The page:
Coming Clean

This morning our friend Giles visited to collect me for a walk. Unfortunately his idea of flat terrain varied a little from mine.

The footpath from the Taddiford Gap was so narrow that when we met oncoming traffic, unable, like crows, to perch on a post, we needed to squeeze ourselves into rather awkward spaces.

Barbed wire fences lined either side of the path, so there was no point in grabbing theirs.

We walked along the path, watching others on the hilltops

and eventually arriving at the path alongside the clifftop with its view

across scintillating seascapes to the Isle of Wight and The Needles.

There we had the option of turning left

or right. This seemed the gentler route.

After we had passed the time of day with the walkers in the above two pictures, knowing that I had my limitations,

my concerned friend asked when I thought we would reach the halfway point of my capacity. “We’ve passed it”, said I. After a brief discussion we decided that turning back would involve slightly less distance than pushing on to Barton where it wouldn’t be very easy for him to pick me up.

It was no easier for him to pick me up outside the car park that was our starting point. At one point he suggested I rested on a tussock. “I wouldn’t be able to get up”, I replied.

Back I staggered and eventually with the end in sight, like the wobbling Italian Dorando Pietri in the 1908 London marathon, I fell over. And couldn’t get up. Considering the number of people we had met along the route, it was something of Sod’s law that no-one was around then.

Giles went hunting for a car driver while I turned myself onto my front, abused the knees of my pale fawn trousers and the elbows of my equally light hued linen jacket, and dragged myself to the the concrete post at the entrance to the car park. My hands clasping the top of the bollard I struggled, without success, to haul myself up.

Welcome voices heralded the arrival of my friend with Damien and his dog. The dog was confined to his owner’s car. The two men each took a hand and heaved – successfully. Back on my feet I was OK.

Now, when posting our trips over the last twelve months, I have not dwelt on the gradual decrepitude that has crept up on me. My knees really don’t work at all well, and remain painful, so any use after about twenty minutes is really tough. For “walk”, “stagger” should sometimes be substituted.

Today’s final photograph is of one of the last 6,000 surviving pillboxes of the 28,000 placed at strategic points across the country in anticipation of a German invasion during World War II. After that I needed all my concentration to end our journey.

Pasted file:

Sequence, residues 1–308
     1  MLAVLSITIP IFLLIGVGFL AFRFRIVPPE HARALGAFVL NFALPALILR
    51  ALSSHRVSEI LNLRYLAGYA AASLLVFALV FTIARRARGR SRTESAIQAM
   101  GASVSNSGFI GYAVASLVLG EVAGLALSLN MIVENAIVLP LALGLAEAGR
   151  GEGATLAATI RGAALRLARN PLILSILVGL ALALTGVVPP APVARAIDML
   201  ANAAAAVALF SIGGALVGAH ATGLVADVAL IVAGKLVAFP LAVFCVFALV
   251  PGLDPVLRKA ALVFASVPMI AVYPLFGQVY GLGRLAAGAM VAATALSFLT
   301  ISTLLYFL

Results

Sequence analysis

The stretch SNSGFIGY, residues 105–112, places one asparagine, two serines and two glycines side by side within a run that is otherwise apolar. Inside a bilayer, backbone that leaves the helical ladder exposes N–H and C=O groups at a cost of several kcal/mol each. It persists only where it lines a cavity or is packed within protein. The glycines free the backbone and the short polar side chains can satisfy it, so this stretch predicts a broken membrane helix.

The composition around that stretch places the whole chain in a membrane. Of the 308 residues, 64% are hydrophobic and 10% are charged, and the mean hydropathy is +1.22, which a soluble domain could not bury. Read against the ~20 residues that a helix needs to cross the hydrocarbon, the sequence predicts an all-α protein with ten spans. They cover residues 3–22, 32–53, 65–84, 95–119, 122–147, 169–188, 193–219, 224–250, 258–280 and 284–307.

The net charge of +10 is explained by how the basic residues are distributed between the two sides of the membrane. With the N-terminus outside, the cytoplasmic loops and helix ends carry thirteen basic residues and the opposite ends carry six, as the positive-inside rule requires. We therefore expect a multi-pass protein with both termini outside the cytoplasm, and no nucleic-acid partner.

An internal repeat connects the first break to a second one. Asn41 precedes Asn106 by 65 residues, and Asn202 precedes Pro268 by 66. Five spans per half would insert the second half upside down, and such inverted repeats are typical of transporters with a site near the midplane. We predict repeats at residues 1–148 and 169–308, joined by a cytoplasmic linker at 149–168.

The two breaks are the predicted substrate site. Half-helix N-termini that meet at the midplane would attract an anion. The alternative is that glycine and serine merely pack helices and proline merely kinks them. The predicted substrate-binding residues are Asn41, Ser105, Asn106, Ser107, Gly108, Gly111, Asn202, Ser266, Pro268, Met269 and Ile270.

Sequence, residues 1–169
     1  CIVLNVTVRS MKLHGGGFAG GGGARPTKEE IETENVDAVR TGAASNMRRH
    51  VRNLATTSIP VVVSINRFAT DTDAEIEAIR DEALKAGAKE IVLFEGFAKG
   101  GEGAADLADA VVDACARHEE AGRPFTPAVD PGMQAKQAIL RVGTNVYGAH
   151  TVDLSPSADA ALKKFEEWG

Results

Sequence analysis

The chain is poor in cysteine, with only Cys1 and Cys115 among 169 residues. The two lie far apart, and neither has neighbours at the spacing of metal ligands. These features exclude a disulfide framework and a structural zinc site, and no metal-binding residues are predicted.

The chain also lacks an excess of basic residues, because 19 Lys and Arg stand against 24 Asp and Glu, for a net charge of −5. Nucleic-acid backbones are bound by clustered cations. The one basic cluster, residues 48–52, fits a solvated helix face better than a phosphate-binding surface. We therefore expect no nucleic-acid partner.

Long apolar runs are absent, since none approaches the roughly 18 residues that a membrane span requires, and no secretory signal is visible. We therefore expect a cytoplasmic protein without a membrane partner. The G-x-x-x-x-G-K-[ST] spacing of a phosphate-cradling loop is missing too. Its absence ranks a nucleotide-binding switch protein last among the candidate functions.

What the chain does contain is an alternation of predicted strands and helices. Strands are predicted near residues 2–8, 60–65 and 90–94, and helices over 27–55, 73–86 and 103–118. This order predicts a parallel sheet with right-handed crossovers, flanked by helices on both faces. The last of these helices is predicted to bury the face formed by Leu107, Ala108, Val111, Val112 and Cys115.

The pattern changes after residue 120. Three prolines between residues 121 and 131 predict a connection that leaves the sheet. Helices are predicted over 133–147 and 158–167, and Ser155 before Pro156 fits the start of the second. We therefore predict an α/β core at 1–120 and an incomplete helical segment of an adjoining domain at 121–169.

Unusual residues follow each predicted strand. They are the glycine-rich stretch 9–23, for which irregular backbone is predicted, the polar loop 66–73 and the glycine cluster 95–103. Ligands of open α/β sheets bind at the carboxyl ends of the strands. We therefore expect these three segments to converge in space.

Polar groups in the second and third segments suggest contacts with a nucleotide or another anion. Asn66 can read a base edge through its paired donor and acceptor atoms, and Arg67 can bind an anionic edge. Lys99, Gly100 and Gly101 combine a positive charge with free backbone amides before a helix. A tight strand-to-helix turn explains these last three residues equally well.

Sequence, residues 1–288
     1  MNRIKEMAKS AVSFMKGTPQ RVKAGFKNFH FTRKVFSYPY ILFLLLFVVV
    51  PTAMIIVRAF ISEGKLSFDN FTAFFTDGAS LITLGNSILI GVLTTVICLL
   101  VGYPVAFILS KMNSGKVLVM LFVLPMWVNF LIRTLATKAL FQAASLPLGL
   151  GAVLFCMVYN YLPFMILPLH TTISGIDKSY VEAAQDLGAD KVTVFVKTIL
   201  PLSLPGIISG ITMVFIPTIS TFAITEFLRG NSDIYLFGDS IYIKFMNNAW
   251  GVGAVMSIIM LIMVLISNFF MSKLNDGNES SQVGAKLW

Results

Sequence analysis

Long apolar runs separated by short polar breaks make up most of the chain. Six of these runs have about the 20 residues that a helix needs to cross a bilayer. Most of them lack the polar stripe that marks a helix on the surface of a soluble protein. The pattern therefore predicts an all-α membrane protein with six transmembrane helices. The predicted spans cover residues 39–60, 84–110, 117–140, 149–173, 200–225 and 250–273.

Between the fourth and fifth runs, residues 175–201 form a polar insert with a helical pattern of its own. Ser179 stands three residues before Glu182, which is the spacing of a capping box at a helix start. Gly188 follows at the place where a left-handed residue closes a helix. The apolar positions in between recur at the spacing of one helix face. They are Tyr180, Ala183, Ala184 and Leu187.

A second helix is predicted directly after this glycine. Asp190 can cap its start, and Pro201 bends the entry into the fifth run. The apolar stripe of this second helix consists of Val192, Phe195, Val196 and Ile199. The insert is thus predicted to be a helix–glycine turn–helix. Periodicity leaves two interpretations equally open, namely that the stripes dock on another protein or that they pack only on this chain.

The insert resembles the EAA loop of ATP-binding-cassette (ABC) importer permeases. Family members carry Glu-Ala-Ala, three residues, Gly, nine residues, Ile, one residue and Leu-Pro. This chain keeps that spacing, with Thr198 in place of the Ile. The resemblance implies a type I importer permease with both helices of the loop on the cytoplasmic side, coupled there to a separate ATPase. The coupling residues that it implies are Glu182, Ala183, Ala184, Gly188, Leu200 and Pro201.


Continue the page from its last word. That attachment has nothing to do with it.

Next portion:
You don’t have to know me very long to know that giving up is not in my repertoire. So I will continue to do what I can, but accept that I shall never take on such a walk again.

It was good to have done it again with my friend of more than 50 years.

This evening we dined on Jackie’s mild chicken jalfrezi, pilau rice, and parathas, with which she finished the Sauvignon Blanc, I drank more of the Fleurie, and Flo and Dillon abstained.

Shopping During Lockdown

We were given to expect rain for much of the day. In the event the overcast clouds retained their moisture.

Soon after 9 a.m. we drove to Tesco Superstore in New Milton for our week’s shop.

I photographed the pink climbing rose on the front trellis.

The supermarket car park was almost full.

Jackie joined the queue that trailed around the back of the store. She tells me that all was quite orderly in the closely monitored establishment.

The woman with the trolley in the above picture was one of the majority

wearing neither gloves nor masks.

Some wore one or the other;

some sported both.

From my passenger seat I had plenty of time to study neighbouring cars’ special reflective effects, also including

this gentleman just arrived who hadn’t yet hoisted his face mask.

Jackie’s shop had lasted about 90 minutes. If we take that as an average

at least two gentlemen had waited a while for a pipe

or a cigarette.

One young woman had managed to procure Plenty toilet rolls.

Many of the fields along Christchurch Road are currently occupied by sheep and lambs. On our way home my Chauffeuse diverted along Lower Ashley Road where stopping for photography was possible.

As usual this aroused a certain amount of ovine curiosity.

Lower down the road a group of adults sheltered among trees around a serpentine stream.

Jackie had no sooner mentioned

than these creatures turned tail and trailed off.

On the opposite side of Lower Ashley Road stands a pillbox, being a relic of World War II.

As Jackie observed, its presence shows how near we are to the coast. By 1940 there was a very real threat of a German invasion. These defence structures bearing slots for weaponry were intended to repel enemy forces.

This evening we dined on Jackie’s wholesome chicken, bacon, and vegetable soup served with crusty bread from the freezer. The Culinary Queen drank Hoegaarden whilst I drank Benguela Bay Shiraz 2018.